Chimamanda Ngozi Adichie has recently won the Women’s Prize for her Biafra-centred novel, Half of a Yellow Sun. The award was voted for by the public who deemed Adichie the “Winner of Winners”, a once-off award in celebration of the Women’s prizes 25th anniversary after having been founded in 1995 by Kate Mosse. She beat out previous winners Zadie Smith, Lionel Shriver, and Rose Tremain. The Women’s Prize, formerly known as the Orange Prize, brought Half of a Yellow Sun into prominence back in 2007.
The Women’s Prize announced the news on social media.
We are so excited to reveal that Chimamanda Ngozi Adichie has been crowned your ‘Winner of Winners.’
You voted in… https://t.co/0WQqGyYq4B
— Women’s Prize (@Women’s Prize)1605139327.0
The Women’s Prize “Winner of Winners” was judged by members of the public who voted for their favourite author out of 25 previous winners. Adichie is reportedly moved by the win, remarking that it was the Women’s Prize that propelled her name as a novelist in 2007. Adichie was 29 when she won The Women’s Prize for Half of a Yellow Sun, her second novel after Purple Hibiscus.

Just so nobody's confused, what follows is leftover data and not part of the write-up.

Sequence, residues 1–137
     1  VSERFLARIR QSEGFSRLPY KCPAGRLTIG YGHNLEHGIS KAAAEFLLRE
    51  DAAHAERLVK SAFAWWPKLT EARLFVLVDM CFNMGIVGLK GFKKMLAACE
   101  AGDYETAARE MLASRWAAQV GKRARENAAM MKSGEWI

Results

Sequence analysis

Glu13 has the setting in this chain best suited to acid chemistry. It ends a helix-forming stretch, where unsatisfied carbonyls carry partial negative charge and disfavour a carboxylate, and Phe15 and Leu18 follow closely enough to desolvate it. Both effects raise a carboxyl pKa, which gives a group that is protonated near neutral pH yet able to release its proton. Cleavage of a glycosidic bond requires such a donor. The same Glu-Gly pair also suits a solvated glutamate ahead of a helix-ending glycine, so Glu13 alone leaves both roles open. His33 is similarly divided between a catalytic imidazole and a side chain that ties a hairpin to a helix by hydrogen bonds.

Half of a Yellow Sun is a fictional take on the Biafra war which took place in Nigeria. Adichie weaves characters’ internal conflicts with the socio-political breakdown in Nigeria in the 1960s. The novel took the world by storm and has become a literary cult favourite. Adichie’s win proves that Half of a Yellow Sun has not waned in popularity and that it is a timeless classic.
“One of the things that’s so fantastic about Chimamanda being the winner of winners is that a lot of younger readers are now coming to that novel, who probably didn’t read it when it came out. It’s felt like a really celebratory thing to be doing over this very strange year,” Mosse commented to The Guardian.
According to the BBC, more than 8500 people reportedly participated in the vote. Half of a Yellow Sun was published in 2006 and adapted into a film in 2013 starring Chiwetel Ejiofor and Thandie Newton. Mosse said that Half of a Yellow Sun is a future literary classic and that literary awards should celebrate more women.